Monday, September 19, 2011

Invisible Illness Awareness Meme: 30 Things

Last week marked "Invisible Illness Awareness" week. Here is my contribution to the information bloggers around the world have been sharing:

1. The illness I live with is: Relapsing Polychondritis, Meniere's Disease, fibromyalgia, IBS, Migraines, undiagnosed Central Nervous System disorder (tremors and muscle spasms)

2. I was diagnosed with it in the year: RP and Meniere's (2000); fibromyalgia and IBS (2009)

3. But I had symptoms since: Maybe childhood? I have had ear and sinus problems since I was very young. Obvious RP symptoms began mid-1999.


4. The biggest adjustment I’ve had to make is:  Not being able to participate in my children's activities as much as I would like. I try to make it a point to find fun, low-key things we can do together to make up for it.


5. Most people assume: I think some people assume that when you take a bunch of medications and go to the doctor frequently, that the only option is to get better. Unfortunately, not true. The symptoms of RP and Meniere's can perseverate, even with treatment.

6. The hardest part about mornings are: Not knowing how I will feel each day. Every day is a crap shoot, health-wise, regardless of any plans I have made.


7. My favorite medical TV show is: House! I find it fascinating.


9. The hardest part about nights is: Pain, racing thoughts, night sweats, and medication side effects often keep me from sleeping.

10. Each day I take __ pills and  vitamins: 12 pills; 7 vitamins and supplements (all doctor recommended); PRN prescriptions for pain, dizziness, and muscle spasms


11. Regarding alternative treatments: The only one I have tried is massage- I used to love it, but now find it painful. Cost prohibits me from trying other treatments.


12. If I had to choose between an invisible illness or visible I would choose: Neither! I don't see how one is "better" than the other.

13. Regarding working and career: I have had periods when I could not work. My doctor told me to stop working again last month. I am an educated and driven person, so this is so hard! And financial difficulties from not working just add to stress.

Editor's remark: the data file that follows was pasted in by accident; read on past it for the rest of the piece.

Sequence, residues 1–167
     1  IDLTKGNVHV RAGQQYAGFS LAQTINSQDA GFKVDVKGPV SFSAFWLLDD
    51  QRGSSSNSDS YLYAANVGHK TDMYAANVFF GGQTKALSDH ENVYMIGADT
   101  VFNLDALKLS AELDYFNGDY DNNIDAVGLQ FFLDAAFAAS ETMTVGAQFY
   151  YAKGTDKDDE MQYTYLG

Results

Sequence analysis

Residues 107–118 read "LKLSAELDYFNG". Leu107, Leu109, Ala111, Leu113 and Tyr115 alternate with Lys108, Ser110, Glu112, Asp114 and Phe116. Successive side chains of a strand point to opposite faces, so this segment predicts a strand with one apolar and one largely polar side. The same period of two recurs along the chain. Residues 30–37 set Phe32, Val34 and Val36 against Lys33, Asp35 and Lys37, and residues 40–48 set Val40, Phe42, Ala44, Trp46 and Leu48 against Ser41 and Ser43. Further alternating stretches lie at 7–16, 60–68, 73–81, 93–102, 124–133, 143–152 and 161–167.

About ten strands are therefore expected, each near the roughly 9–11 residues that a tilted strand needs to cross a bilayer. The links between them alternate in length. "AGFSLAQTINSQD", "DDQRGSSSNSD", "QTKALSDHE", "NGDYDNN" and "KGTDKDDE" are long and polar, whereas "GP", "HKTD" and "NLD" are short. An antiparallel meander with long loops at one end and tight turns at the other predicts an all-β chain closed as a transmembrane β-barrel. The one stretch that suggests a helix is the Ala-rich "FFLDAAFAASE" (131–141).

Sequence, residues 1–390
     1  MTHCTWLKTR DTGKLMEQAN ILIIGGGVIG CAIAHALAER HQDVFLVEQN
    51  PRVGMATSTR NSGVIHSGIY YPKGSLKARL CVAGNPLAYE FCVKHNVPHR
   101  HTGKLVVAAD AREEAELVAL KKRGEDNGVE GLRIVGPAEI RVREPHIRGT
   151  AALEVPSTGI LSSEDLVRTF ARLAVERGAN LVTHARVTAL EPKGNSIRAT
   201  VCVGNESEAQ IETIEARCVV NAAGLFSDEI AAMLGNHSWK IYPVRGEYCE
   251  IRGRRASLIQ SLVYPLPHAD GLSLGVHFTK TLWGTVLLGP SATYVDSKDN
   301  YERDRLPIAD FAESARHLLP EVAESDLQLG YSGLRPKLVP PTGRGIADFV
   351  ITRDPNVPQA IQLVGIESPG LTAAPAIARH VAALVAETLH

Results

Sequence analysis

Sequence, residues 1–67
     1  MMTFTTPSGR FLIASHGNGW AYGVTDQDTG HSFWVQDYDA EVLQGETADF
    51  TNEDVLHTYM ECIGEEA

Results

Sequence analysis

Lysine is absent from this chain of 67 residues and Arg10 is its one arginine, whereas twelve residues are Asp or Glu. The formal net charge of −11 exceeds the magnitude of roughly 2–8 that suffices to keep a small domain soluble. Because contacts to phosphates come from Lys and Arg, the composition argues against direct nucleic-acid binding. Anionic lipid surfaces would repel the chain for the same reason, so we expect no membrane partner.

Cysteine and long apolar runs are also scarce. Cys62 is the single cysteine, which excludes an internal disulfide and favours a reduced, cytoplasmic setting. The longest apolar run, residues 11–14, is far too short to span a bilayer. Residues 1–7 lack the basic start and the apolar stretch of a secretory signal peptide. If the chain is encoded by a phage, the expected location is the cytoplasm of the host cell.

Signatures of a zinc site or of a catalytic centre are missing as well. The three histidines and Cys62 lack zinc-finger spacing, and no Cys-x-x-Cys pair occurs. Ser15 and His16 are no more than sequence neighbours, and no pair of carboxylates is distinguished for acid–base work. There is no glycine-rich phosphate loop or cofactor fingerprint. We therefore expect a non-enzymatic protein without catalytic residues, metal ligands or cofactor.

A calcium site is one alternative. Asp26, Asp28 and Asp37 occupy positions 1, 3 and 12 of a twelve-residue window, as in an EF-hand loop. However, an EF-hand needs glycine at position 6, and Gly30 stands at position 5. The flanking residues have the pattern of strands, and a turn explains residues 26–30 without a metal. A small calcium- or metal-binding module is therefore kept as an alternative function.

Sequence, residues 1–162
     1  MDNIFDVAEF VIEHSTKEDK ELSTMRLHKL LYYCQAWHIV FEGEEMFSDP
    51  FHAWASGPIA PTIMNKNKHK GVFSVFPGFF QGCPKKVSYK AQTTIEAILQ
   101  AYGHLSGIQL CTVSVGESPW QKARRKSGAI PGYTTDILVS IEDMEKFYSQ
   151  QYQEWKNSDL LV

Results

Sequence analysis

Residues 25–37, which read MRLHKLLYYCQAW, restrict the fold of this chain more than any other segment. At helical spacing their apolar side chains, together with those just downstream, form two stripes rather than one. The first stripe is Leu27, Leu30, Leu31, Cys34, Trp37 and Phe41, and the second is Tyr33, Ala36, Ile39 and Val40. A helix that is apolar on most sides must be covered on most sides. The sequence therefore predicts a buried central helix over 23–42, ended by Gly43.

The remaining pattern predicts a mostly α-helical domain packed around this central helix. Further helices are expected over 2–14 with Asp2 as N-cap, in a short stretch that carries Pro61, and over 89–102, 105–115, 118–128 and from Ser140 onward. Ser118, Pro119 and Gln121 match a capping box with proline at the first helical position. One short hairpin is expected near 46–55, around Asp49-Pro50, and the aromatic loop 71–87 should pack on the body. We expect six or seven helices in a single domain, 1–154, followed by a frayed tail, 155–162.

14. People would be surprised to know: Some days something as simple as taking a shower can totally wear me out.


15. The hardest thing to accept about my new reality has been: Being "forced" to quit working.


16. Something I never thought I could do with my illness that I did was: Get my Master's degree.


17. The commercials about my illness: Well, RP and Meniere's are very rare, so there aren't any commercials!

18. Something I really miss doing since I was diagnosed is: Going to my monthly scrapbook get-togethers. I usually don't have the stamina for a 6 hour crop, and transportation is an issue (see #19).


19. It was really hard to have to give up: Driving. I am dizzy most of the time, so this is not a safe activity! The loss of independence can be very depressing.


20. A new hobby I have taken up since my diagnosis is:  I wouldn't say I have any new hobbies- I have been a scrapbooker and blogger for a while now. But I certainly have more time to devote to them now!


21. If I could have one day of feeling normal again I would: Do something active- go camping with my family, take a hike, try Zumba.


22. My illness has taught me: Asking for help is ok, and not a sign of weakness.

23. Want to know a secret? One thing people say that gets under my skin is: "Just hang in there". Really? What do you think I'm doing?? I know people mean well and usually just don't know what to say, but...this one is really annoying to me, especially when a doctor says it!


24. But I love it when people: Just help me without me asking. I have a group of close friends and co-workers who regularly drop off meals, send me restaurant gift cards, or do other random things that really help.


25. My favorite motto, scripture, quote that gets me through tough times is: "That which does not kill me makes me stronger". I know I am going through this for a reason, and that somehow I am a better person for it.


26. When someone is diagnosed I’d like to tell them: Read everything you can, join a support group, and be prepared to advocate for yourself.


27. Something that has surprised me about living with an illness is: I have made new friends because of my illness, not just in spite of it.


28. The nicest thing someone did for me when I wasn’t feeling well was: Buy 2 air conditioners for me and my family during the worst of the summer heat. A cool house helped my fatigue and overall well-being!

29. I’m involved with Invisible Illness Week because: There is strength in numbers.


30. The fact that you read this list makes me feel: Empowered and hopeful.









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1 comment:

  1. I love your answer to #27, I feel the same way. Thank goodness for the internet and laptops; it's amazing to get to know people with similar stories, all from the comfort of the couch/bed. Really helps beat depression and feelings of social isolation.

    My first visit here, looking forward to reading some more of your posts.

    ReplyDelete

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